Here is Dana Milbank of WaPo celebrating the “retreat” of climate change deniers, “There is no denying it: Climate-change deniers are in retreat.” He concludes his op-ed piece by noting, “that corporations are becoming reluctant to bankroll crazy theories, the surrender of climate-change deniers will follow.” For Milbank this marks the historic turning point marking the collapse of flat-earth science “crazies.”
The AGW (anthropogenic (man-made) global warming) thesis was initiated by the United Nations environmental program that was established in 1972 and the Intergovernmental Panel on Climate Change (IPCC) established in 1988. It got its biggest boost with the now discredited hockey stick model advanced by Michael Mann in 1999 and now has a distinctly religious fervor led by Al Gore and his acolytes including world leaders from English PM David Cameron to President Obama.
President Obama has made a not-so-subtle attempt to personalise his administration’s war on “climate change” by linking it with his daughter Malia’s asthma.
Nice try, Mr President. But the evidence just doesn’t stack up.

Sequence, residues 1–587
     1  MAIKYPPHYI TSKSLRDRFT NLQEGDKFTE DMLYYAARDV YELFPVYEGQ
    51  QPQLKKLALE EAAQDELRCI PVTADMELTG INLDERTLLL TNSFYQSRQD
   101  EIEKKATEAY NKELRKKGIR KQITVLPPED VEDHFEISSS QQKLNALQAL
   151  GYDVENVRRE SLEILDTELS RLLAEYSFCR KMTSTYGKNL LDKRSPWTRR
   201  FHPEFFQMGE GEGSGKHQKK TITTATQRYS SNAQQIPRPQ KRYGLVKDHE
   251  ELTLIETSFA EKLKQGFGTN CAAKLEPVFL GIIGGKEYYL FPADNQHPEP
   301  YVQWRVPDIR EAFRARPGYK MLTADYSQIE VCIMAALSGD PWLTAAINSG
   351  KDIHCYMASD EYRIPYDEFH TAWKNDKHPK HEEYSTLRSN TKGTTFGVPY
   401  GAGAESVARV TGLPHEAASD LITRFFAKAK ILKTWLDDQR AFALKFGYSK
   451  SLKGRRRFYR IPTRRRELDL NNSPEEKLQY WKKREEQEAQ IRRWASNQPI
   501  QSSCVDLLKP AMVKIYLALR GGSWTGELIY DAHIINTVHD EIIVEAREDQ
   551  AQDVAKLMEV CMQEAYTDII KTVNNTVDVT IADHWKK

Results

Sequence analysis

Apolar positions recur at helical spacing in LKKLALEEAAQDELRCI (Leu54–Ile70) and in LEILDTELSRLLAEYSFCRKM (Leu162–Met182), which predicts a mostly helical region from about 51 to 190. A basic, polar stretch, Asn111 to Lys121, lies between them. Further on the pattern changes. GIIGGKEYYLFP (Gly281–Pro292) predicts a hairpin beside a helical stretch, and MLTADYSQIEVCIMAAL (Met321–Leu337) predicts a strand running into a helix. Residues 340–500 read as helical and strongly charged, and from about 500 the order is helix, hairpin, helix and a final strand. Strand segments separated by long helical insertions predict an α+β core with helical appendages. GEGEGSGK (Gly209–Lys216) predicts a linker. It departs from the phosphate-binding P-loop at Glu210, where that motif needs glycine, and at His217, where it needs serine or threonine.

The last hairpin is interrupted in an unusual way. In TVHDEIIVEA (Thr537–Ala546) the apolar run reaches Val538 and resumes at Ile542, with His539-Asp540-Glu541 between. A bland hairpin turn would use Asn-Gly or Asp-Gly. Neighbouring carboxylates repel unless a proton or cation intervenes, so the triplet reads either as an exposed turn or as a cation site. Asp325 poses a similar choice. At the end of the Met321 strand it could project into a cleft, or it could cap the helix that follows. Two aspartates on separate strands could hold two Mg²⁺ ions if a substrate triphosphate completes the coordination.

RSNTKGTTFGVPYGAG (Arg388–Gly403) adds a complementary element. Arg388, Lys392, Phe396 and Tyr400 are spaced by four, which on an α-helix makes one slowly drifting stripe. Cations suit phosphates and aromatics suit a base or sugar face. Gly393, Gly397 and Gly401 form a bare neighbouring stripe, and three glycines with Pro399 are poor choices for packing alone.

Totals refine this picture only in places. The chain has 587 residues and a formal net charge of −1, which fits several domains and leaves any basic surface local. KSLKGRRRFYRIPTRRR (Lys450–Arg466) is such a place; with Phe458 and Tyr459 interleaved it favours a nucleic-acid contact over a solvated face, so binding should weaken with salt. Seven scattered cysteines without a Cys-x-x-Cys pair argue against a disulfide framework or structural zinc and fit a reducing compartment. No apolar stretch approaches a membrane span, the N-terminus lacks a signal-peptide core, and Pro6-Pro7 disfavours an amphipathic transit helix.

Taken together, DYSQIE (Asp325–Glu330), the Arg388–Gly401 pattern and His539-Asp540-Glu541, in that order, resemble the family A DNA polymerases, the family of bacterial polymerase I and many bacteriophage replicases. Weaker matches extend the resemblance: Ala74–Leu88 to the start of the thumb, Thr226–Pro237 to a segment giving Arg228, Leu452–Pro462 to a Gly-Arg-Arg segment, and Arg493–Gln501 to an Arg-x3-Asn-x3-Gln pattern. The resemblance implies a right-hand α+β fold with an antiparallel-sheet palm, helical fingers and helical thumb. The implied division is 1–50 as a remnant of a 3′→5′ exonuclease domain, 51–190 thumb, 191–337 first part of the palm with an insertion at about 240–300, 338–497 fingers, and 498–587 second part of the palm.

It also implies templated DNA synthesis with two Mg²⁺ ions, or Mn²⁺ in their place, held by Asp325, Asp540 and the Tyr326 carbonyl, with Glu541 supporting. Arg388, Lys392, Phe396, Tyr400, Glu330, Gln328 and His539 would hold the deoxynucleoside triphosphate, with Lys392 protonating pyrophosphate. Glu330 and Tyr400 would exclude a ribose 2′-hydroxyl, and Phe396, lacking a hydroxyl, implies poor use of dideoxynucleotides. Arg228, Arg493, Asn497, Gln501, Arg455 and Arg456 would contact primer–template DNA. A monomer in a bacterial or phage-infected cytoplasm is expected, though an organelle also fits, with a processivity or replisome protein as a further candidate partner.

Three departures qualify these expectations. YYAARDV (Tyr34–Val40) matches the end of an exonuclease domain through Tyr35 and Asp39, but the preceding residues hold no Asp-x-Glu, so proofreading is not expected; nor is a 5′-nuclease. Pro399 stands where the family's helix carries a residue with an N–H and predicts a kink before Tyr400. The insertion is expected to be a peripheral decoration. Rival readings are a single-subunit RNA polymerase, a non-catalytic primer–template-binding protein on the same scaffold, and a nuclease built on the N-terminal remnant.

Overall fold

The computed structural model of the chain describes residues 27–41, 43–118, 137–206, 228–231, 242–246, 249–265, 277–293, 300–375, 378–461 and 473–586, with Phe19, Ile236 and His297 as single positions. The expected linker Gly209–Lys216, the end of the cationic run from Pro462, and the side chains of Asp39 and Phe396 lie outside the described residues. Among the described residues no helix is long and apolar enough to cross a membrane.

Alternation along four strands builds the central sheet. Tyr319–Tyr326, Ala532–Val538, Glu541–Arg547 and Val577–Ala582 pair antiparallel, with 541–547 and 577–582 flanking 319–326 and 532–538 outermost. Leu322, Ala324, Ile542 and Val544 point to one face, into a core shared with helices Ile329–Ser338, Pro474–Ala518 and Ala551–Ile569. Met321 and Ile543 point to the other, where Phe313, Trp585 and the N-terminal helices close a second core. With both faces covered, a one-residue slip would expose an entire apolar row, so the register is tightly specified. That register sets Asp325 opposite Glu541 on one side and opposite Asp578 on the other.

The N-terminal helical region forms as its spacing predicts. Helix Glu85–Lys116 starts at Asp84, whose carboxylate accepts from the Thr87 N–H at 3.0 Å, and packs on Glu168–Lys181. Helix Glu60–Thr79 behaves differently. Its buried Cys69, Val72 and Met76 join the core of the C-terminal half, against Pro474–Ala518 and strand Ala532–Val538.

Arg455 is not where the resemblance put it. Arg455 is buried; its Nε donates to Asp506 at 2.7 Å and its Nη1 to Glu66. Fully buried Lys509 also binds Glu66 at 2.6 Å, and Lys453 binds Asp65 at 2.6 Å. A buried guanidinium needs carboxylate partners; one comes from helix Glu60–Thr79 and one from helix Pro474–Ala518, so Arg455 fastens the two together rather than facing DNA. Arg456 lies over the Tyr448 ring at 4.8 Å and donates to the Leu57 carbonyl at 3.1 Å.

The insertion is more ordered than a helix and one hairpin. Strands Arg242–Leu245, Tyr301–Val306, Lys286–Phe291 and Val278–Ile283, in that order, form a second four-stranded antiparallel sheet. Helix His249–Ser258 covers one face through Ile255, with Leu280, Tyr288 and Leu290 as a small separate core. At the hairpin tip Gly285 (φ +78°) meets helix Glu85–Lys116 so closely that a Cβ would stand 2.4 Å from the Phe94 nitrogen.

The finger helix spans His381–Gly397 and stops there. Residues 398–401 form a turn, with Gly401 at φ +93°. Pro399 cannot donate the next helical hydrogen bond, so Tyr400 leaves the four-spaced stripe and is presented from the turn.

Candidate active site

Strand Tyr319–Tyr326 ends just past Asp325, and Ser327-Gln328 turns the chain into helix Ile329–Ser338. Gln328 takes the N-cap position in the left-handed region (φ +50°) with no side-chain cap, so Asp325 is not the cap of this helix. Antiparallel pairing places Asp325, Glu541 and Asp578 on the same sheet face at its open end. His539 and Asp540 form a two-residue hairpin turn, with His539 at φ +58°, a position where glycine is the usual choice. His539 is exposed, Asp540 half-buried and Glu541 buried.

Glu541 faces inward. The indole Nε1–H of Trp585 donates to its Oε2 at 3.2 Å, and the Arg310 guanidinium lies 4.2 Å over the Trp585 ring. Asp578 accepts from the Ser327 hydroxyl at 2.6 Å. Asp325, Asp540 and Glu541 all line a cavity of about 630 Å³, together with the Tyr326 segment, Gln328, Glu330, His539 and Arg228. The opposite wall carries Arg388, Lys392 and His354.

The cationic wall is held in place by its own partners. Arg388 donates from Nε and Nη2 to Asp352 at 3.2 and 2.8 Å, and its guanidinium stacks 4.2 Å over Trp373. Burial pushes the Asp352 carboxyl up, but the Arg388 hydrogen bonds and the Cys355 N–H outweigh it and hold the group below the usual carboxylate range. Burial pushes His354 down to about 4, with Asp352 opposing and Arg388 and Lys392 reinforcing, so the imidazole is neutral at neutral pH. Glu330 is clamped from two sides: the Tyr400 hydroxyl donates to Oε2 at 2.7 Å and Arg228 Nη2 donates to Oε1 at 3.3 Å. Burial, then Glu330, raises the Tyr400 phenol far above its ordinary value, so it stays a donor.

While it’s true that the CDC (Centers for Disease Control and Prevention), the EPA’s Gina McCarthy and the Surgeon General Vivek Murthy have lent their ‘expert’ support to the ‘global warming means more asthma’ thesis, this is largely a case of doing their masters’ bidding.
Japan has 43 coal power projects either under construction or planned, representing combined capacity of 21,200 megawatts, according to a statement from the Kyoto-based Kiko Network. The projections would account for about half of what Japan could emit in 2050 under the current government’s target to cut emissions by 80 percent by that date, the group said. -- Chisaki Watanabe, Bloomberg, 9 April 2015
Japan has a new blueprint for its energy future, one that opens the door for a controversial return of nuclear power four years after the Fukushima accident took the country’s reactors offline. But even more noteworthy is that Japan now appears set to embrace a dominant role for dirty coal in the country’s energy mix for decades to come. Japan’s increased reliance on coal to 2030 and beyond contrasts with many European countries, which despite the global financial crisis and years of sluggish growth have continued to put the fight against climate change at the center of their energy policies. --Keith Johnson, Foreign Policy, 8 April 2015